Yamaha VMAX (2009 – 2017) | Used bike guide

 

Riding position:

The VMAX is a big old muscle cruiser and while it lacks feet-forward controls, and instead has conventional mid-mounted pegs, it still has wide bars and a relaxed riding position. For cruising around on it is comfortable at sub-70mph speeds, but due to its small 15-litre tank (which sees the reserve light come on at 80 miles) you aren’t in the saddle long enough to get too uncomfortable…

 

Pillions:

The VMAX has a pillion seat, but it isn’t very comfortable at all and is pretty tiny. One for smaller pillions only…

 

Yamaha VMAX (2009 – 2017) | Used bike guide

 

What’s it like to ride?

 

Then:

The 2009 Yamaha VMAX performance is just breath-taking a massive 197bhp at just 9000rpm and an awesome 122lbft of torque to take you to a top speed of 143mph. This is a bike for the open road and the adrenaline rush of real riding.

Yamaha have kept faith with the spirit of the original ground breaking bike, right down to the hand-finished aluminium intake covers, while subtly adding in new and equally revolutionary features. The digital information centre provides a huge array of statistics, from throttle position to miles per gallon, as well as that all important stopwatch…

So does the heart-stopping performance justify the heartache of the huge price tag and the top bracket motorbike insurance quote that will inevitably come with it? It depends on where you're sitting. From the saddle, seeing heads turn and eyes stare as the rubber burns and faring gleams, hearing this impressive motorcycle's monster voice growl and roar as it springs into action, it's worth every single penny. And while Bennetts can't help you with the salary-sized price tag, at least our Yamaha Bike Insurance quote could keep your extra costs as low as possible.

Bennetts Bike Social Review, 2009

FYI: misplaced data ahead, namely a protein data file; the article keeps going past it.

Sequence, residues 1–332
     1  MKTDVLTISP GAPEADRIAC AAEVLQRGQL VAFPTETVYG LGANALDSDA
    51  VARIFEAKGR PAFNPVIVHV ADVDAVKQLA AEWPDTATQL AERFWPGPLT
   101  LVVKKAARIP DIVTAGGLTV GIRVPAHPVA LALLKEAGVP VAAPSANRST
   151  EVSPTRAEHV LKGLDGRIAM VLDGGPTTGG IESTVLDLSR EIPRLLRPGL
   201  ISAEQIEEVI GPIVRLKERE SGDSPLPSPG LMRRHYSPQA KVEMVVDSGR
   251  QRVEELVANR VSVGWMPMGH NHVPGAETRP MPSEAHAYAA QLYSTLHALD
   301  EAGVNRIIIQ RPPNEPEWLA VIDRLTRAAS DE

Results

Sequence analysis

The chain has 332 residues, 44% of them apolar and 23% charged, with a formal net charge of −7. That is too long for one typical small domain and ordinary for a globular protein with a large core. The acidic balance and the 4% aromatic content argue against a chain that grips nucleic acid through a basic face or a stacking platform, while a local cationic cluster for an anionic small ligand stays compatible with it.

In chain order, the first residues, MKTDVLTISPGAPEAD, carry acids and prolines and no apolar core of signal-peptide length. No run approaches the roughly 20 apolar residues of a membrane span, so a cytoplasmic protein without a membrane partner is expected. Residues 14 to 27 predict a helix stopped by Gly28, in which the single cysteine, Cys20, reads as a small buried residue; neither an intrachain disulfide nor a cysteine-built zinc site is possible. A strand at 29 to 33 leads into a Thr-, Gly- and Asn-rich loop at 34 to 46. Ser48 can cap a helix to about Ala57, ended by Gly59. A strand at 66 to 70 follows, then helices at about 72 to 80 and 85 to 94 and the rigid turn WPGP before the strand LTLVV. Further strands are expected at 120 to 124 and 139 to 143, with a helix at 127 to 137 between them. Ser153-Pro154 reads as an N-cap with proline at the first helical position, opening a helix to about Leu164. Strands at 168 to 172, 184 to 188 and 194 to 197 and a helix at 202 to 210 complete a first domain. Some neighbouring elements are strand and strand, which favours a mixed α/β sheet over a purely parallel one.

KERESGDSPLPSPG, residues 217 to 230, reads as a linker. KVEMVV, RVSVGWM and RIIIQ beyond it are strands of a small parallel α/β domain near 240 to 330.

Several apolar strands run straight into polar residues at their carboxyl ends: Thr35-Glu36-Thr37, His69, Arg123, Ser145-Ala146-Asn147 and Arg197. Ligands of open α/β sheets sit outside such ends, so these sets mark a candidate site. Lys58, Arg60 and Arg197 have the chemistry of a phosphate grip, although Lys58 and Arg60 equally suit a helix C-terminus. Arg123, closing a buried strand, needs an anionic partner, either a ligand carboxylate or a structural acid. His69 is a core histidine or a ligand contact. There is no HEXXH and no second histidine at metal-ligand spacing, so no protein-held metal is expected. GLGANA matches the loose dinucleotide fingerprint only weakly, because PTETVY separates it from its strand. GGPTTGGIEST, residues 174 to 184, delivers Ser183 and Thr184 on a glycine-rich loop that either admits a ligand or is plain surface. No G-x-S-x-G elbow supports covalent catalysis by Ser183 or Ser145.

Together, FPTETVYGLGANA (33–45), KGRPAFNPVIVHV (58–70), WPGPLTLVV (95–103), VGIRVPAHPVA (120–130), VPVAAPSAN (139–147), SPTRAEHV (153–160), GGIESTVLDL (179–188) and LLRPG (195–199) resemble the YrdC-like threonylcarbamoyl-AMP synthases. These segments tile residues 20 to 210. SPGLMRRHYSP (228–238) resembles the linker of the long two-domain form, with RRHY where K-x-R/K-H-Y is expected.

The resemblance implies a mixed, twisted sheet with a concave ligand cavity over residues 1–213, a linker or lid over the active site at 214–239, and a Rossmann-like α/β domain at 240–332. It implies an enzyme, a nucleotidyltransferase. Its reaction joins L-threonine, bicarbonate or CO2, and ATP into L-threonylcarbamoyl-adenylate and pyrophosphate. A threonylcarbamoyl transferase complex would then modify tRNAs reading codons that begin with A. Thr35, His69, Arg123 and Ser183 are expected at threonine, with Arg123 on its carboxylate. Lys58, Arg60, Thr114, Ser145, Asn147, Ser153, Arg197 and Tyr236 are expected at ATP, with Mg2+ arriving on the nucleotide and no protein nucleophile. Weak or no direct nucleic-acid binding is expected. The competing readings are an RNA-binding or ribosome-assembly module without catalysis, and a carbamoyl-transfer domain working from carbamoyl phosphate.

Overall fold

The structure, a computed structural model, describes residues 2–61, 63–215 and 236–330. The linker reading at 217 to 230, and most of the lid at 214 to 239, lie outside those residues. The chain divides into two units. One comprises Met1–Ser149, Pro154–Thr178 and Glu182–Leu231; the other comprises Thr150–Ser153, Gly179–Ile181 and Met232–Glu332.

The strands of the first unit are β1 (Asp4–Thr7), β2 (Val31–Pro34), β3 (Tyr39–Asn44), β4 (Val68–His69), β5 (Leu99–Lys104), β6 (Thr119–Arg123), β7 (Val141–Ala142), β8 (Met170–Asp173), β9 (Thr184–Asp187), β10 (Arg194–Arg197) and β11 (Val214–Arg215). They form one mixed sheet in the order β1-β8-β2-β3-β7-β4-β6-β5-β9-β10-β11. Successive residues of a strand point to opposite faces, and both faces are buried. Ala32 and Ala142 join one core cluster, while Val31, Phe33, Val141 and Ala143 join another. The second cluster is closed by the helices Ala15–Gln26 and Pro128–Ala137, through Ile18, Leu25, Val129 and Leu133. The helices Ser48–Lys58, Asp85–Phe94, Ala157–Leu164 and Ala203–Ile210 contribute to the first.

Yamaha VMAX (2009 – 2017) | Used bike guide

 

Now:

A few years ago the VMAX remained an impressive power cruiser, but nowadays the Ducati Diavel brings exactly what the VMAX does to the table, but with a lighter weight and far more agile handling. So if you want the ultimate power cruiser, while the VMAX still tops the bhp figures, in reality the Diavel will run rings around it on most roads. But that’s not really what the VMAX is about.

As a piece of staggering motorcycle engineering, few machines have the sheer presence of the VMAX. It really is one stunning bike to look at and the power of the V4 motor remains impressive to this day. The fact it lacks electronic assists means you can smoke its rear tyre away from the lights should you feel the urge and the handling is surprisingly good for a bike that weighs a hefty 310kg wet. Yamaha really pushed the boat out in 2009 when they designed the VMAX and this level of dedication and precision still shines through nowadays. And it still costs a bloody fortune!

 

Check for:

The VMAX is an incredibly well engineered and there are very, very few issues to be wary of. A few owners have reported leaks from the shaft drive and there was a spate of oil pump issues, but these were quickly sorted out by Yamaha. The bike’s 18-inch wheels do limit your choice of tyres, but this is hardly a reason to avoid ownership. The biggest issue when buying a used VMAX is locating one as Yamaha sold very few and most are cherished by their owners, which means they hold their residual value and prices are a bit scary. Generally any that pop up for sale have a full service history (which is good) and are very clean and tidy, but that’s what you would expect on a used bike that costs over £10,000! Just watch out for odd servicing costs such as the brake lines needing changing every four years, the air filter replaced at 24,000-miles and the bearings regreased at 16,000-miles. 

 

Updates:

Aside from colours, the VMAX was never updated or substantially modified.

 

Prices:

Due to its high initial price tag and exclusivity, the cheapest VMAX will set you back in the region of £10,000, which is hardly a bargain considering the bike was £16,000 nearly ten years ago! A later model will cost you closer to £13,000, which is more a reflection of how the VMAX’s RRP increased over the years. Buy an early bike with a low mileage and you don’t be disappointed.

 

Yamaha VMAX (2009 – 2017) | Used bike guide

 

Yamaha V-Max Spec:

Engine

1679, liquid-cooled, 16v, DOHC V4

Power

197bhp @ 9000rpm

Torque

123ftlb @ 6500rpm

Weight

310kg

Seat height

775mm

Tank size

15-litres

 

Servicing intervals:

Minor: 4000-mile – expect to pay in the region of £150

Major: 8000-mile– expect to pay in the region of £200

Valve clearance: 26,600-miles - expect to pay in the region of £500